The U.S. women’s national hockey team made waves mid-March when they announced they would boycott the upcoming world tournament over their ongoing fair-pay dispute with USA Hockey. Three days before the tournament, the team and hockey’s governing body reached a historic agreement and so the women’s team traveled to Michigan, eager to defend their world title.
In Friday’s final against Canada, the U.S. team took home their fourth consecutive championship title, beating our northern neighbors 3-2 in overtime. Hilary Knight, who scored the team’s third goal in overtime, told the New York Times about the win and the settlement over fair pay, “It’s two storybook endings for us. I can’t speak enough of the bond that we created, doing what we did, making history for the next generation.”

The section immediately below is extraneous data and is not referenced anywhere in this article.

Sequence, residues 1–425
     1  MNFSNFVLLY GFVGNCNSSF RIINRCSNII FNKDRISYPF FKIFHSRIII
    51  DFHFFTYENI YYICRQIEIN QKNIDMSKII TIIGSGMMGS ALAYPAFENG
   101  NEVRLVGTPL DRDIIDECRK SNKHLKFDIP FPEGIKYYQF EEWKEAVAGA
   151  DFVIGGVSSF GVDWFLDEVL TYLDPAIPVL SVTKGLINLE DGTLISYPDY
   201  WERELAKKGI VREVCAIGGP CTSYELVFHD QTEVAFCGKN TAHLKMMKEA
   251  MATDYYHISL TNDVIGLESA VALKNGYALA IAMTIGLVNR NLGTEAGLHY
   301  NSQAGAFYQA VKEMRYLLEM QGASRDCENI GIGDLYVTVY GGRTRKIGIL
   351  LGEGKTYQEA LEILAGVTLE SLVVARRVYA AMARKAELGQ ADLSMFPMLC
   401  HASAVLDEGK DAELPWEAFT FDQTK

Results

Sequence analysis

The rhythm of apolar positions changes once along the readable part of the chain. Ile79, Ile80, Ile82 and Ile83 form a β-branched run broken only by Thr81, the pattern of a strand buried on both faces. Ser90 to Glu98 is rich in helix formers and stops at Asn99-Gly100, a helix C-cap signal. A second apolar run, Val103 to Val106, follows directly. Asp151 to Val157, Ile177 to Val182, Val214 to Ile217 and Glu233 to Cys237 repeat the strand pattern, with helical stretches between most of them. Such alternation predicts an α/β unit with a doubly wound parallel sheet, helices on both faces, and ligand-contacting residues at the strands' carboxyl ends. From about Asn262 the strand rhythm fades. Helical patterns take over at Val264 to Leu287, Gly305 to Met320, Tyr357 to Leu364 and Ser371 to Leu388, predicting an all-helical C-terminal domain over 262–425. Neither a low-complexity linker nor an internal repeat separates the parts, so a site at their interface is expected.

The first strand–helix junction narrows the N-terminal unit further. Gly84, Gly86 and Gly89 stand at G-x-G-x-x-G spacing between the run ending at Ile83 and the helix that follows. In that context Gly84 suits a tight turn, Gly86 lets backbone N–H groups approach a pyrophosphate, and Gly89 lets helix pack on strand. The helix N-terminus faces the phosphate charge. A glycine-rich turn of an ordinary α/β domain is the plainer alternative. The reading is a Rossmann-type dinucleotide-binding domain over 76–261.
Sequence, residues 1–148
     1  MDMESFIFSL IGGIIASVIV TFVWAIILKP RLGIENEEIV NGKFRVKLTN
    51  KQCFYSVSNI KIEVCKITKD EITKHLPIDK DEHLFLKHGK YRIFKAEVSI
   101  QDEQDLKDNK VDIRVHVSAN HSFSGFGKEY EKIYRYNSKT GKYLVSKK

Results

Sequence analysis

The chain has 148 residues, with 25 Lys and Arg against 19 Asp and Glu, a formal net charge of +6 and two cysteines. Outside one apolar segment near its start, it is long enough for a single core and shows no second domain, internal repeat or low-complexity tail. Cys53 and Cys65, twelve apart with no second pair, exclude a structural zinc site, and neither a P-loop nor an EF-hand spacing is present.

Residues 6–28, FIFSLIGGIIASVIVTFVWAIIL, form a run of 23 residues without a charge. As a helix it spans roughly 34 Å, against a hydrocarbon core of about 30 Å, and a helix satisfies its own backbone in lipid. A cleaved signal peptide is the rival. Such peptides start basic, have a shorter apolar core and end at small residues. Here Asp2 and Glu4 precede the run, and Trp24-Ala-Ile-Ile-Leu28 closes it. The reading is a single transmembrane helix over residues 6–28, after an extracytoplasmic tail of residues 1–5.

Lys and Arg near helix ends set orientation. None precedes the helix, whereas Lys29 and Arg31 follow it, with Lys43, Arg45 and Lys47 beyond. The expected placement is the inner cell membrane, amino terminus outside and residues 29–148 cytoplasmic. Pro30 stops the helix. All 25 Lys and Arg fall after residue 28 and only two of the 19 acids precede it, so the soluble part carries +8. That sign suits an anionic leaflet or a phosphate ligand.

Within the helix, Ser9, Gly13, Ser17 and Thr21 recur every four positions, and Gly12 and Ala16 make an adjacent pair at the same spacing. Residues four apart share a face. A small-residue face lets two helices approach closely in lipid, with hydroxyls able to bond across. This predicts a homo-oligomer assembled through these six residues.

The players’ new contract includes better bonuses, pooled prize money, and combined salaries that are estimated to be above $70,000 a year, up from their previous pay of $6,000 every four years. USA Hockey also committed to “providing programming, marketing, promotion, and fundraising” for the women’s sport. The day following the agreement, Meghan Duggan, the team’s captain, told the Cut that their history-making deal was “a huge step for women’s hockey and women’s sports in general.”